Netflix Streaming is the streaming video service ready to shoot several thousand movies onto your TV and/or computer screen. The film selection is a gloriously random array of "Hollywood hits!," beloved classics, and off-brand delights. For the Slog Netflix Streaming Movie Club, we'll all watch the same film on Netflix Streaming, then discuss it here on Slog.
Someone I Touched is the made-for-TV movie that premiered on February 26, 1975. Directed by Lou Antonio (the man who brought us an actor who appeared in 1967's Cool Hand Luke) and starring Cloris Leachman (who three years earlier won an Oscar for her amazing work in The Last Picture Show), Someone I Touched concerns itself the insidious scourge of venereal disease, and how it affects a handful of lives in southern California. As Movieline's Alonso Duralde (an early adopter of Someone I Touched) writes, "The fact that Cloris Leachman, at 49, stars as a pregnant housewife, and that she sings the theme song, is just the icing on the cake of looniness."
As the opening credits roll, we hear Cloris Leachman purring the theme song, the lyrics of which make frequent use of the phrase "someone I touched." (FORESHADOWING!) As the story begins, we follow Frank Berlin, a Joe Namath-y bounty hunter for the health department, who's watching a game of beach volleyball. During a break in the play, he approaches a young woman named Carrie (Glynnis O'Connor, who'd go on to star with John Travolta in the '70s TV movie classic The Boy in the Plastic Bubble), with the bad news that she has syphilis.
Thus is Carrie tasked with alerting all her sexual contacts of the past three months, a quest that brings her back in contact with Sam, a middle-aged businessman who's married to Cloris Leachman's character Laura, a children's book writer who's not above wearing a long-sleeved, floor-length turtleneck gown while fussing about in the kitchen. (Seriously, Leachman looks gorgeous throughout the film—and she's forty-fucking-nine!) Not only is Laura a cheated-upon wife who now might have syphilis, she's freshly pregnant—a collision of facts that could, as Laura puts it, result "in a baby with NO ARRRRRMS!" (The scene where Sam tells Laura of his syphilitic indiscretion—inspiring Laura to recoil in a slow-motion Butoh ballet—is tremendous.)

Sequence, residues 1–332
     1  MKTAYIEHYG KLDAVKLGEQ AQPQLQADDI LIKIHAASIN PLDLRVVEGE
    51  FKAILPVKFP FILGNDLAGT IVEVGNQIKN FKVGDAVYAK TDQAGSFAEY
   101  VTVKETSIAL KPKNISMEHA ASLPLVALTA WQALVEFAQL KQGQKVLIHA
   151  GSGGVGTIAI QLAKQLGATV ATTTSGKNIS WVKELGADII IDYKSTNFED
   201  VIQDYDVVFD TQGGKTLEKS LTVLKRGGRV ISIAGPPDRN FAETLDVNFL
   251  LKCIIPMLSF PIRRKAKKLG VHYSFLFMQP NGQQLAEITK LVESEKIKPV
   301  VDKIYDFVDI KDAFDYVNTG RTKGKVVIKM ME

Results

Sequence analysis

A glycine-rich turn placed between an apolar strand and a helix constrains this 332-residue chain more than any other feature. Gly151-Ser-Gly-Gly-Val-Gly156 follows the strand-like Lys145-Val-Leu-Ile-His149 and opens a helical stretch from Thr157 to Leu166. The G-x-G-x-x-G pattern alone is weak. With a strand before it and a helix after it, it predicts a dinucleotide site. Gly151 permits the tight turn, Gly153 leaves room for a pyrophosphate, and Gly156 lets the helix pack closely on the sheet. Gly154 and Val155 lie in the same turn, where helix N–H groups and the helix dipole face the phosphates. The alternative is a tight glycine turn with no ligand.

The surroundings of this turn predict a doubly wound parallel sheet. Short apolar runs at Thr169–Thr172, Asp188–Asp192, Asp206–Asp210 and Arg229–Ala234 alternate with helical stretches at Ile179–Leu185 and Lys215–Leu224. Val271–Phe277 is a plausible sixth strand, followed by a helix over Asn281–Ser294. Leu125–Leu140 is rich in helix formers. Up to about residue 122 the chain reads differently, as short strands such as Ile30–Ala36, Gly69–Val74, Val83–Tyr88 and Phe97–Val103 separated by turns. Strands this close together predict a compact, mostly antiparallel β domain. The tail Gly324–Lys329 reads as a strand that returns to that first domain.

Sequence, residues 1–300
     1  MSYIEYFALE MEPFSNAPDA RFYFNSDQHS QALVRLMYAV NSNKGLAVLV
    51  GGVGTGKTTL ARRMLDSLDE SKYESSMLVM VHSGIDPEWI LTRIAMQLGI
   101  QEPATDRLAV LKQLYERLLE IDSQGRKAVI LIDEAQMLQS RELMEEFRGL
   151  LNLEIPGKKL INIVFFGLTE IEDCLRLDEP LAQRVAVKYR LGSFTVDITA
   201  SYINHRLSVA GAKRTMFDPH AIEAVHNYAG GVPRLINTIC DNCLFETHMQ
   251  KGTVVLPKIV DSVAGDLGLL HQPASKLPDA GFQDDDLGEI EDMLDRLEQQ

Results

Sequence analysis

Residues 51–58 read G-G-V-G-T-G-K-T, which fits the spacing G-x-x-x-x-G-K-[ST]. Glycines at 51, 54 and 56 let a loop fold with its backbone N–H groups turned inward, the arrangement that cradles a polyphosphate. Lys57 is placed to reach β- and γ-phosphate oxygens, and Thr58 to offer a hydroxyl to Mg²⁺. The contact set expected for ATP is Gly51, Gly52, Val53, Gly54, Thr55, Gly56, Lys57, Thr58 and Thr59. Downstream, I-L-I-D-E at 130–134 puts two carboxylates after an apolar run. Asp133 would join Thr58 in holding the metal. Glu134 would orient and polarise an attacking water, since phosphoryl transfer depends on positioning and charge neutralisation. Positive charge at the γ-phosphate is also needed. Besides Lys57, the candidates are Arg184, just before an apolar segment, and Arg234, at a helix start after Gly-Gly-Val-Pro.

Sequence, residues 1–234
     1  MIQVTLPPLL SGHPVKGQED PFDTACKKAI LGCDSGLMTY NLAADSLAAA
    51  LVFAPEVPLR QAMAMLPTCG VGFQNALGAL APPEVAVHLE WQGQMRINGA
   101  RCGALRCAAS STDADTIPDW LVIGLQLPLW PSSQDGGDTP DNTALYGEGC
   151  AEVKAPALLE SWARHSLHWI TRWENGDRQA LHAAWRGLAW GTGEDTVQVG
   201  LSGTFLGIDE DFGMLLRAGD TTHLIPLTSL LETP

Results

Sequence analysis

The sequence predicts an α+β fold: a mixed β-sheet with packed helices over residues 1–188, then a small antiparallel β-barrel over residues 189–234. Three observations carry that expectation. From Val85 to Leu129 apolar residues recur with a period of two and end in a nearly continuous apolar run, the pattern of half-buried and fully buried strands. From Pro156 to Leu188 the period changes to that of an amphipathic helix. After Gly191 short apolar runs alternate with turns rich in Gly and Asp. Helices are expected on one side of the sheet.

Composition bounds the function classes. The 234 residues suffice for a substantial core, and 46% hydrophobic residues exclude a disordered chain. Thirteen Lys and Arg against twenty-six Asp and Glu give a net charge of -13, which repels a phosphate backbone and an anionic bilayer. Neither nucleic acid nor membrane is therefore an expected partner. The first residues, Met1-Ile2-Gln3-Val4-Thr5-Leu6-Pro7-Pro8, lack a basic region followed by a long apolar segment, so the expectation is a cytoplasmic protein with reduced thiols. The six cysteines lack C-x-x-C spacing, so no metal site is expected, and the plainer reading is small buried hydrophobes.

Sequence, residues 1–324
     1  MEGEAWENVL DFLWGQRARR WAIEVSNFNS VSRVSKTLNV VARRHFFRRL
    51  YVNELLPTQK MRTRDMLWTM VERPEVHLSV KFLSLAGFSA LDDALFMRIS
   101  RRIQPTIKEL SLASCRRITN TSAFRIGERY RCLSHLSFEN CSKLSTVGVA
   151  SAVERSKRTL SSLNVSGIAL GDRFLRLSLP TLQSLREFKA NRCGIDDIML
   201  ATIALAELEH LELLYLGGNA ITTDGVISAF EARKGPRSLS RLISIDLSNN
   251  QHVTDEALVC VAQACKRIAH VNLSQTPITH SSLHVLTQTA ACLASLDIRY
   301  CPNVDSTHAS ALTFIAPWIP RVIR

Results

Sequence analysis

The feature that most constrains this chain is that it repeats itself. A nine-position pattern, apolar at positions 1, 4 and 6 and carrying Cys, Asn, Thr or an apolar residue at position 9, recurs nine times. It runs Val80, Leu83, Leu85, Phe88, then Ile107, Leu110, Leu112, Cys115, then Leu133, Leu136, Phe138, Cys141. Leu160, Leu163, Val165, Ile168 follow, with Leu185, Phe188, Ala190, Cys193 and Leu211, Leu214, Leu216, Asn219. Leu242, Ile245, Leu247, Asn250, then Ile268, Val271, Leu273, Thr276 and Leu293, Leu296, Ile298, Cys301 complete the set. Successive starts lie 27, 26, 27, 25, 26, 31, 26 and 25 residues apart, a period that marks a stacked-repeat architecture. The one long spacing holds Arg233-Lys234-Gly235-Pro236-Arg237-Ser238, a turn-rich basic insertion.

Then shit gets real....
Glynnis O'Connor's Carrie tells her mother (played by her actual mother!) about her diagnosis, and her mother screams and slaps her 750 times. Cloris Leachmen's Laura gets a visit from the health department's Frank Berlin, who informs her that while her husband is in the first stages of syphilis, she is in the second, meaning that she acquired the disease first. Laura then pays a visit to her publisher/one-time extramarital lover, whom she bitterly thanks for giving her a disease that could result in a baby with NO ARRRRRRRRRRRRMS. (Truly, this scene is the most powerful in the film, with the publisher's claims that "he thought she knew" perfectly illuminating the banality of evil in regard to STD transmission.) "I just feel so tacky now," says Laura, while wearing a brownish-yellow pantsuit. (What color is that? Dusty mustard? Jaundiced tan?)
Then Laura comes clean to Sam about being the source of syphilis in their lives, the doctor says both Laura and the baby will be fine, Sam visits Carrie at her supermarket job and tells her he's the one who gave her syphilis (not the other way around), and Sam and Laura share a tender moment in their car in the supermarket parking lot, as an instrumental version of the theme song swells.
Possible points of discussion: *That humongous wood-paneled refrigerator in Laura and Sam's kitchen *The supermarket sale offering ten pounds of navel oranges for a dollar *The creepiness of Sam approaching Laura's gynecologist in hopes of treating her for syphilis without her knowing *The creepiness of that puppet sculpture hanging by Laura's work table